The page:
It’s amazing to think that people have been travelling along the Silk Road since 206BC. The road took its name from the most famous product that was transported from one end, starting in China, to the other end in Europe.
So significant was the Road that it’s thought to have played a significant role in developing civilizations in huge areas of the world that we know today including China, Korea, Japan, India, Iran, Afghanistan and Europe as well as the Horn of Africa and Arabia.
Although trade along the road has dramatically diminished since ancient times, the Chinese in particular have not given up on it and thanks to a jaw-dropping $800 billion investment in their Belt and Road Initiative (which is designed to link countries stretching between East Asia and Europe) the Silk Road is regaining its pre-eminence in the world.
Admittedly you probably won’t see caravans of camels laden with silks and spices, but that’s not deterring tourists who are flocking to see it at first hand. And you could stay in a converted ‘caravansaries’ where the ancient traders would have rested their camels and slept too.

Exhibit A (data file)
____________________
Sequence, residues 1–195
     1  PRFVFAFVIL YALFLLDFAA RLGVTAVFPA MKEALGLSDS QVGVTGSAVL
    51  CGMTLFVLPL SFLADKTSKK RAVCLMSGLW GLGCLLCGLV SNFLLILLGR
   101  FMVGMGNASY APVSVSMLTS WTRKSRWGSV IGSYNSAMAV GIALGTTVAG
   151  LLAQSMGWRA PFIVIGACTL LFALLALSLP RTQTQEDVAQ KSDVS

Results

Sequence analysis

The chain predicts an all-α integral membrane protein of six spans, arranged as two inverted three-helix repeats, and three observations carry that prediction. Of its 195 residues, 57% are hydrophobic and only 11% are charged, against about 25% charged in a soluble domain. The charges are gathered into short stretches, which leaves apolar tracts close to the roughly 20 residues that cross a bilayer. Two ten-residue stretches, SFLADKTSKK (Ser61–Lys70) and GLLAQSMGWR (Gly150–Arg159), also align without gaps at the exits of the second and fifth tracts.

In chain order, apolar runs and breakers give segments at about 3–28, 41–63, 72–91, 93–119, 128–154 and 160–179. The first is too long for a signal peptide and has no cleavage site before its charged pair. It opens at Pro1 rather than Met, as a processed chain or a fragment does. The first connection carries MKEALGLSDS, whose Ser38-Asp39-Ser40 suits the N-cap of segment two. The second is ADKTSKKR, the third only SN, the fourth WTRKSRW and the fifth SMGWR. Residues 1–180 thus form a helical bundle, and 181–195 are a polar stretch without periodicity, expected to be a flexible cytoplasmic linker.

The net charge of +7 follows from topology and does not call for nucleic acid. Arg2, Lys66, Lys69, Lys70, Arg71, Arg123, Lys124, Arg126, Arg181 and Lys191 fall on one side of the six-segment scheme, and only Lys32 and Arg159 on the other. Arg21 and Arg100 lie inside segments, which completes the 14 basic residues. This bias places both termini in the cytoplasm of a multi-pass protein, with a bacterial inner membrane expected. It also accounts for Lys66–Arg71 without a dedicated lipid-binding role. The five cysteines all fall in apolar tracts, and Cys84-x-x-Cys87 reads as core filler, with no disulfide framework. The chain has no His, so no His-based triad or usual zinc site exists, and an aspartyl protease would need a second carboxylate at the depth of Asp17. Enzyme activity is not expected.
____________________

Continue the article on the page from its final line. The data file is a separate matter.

Here in the UK, Joanna Lumley’s recently screened TV series ‘Silk Road Adventure’ has probably helped create interest in it as a possible holiday destination but across the world, other countries are waking up to it too. The result is that Uzbekistan is now reporting a 40 percent year-on-year rise in tourism whilst Azerbaijan is tipped to rank among the fastest-growing tourism destinations in Europe and Central Asia.
If these tourists are looking for an ‘authentic’ experience then they’ve probably chosen the right place to visit. Some areas along the road remain forbiddingly remote and although there is now a network of highways, railways and airports linking the sixty five countries associated with the road, and improved safety and easier-to-access visas, a visit there would probably still classify as an ‘intrepid’ one.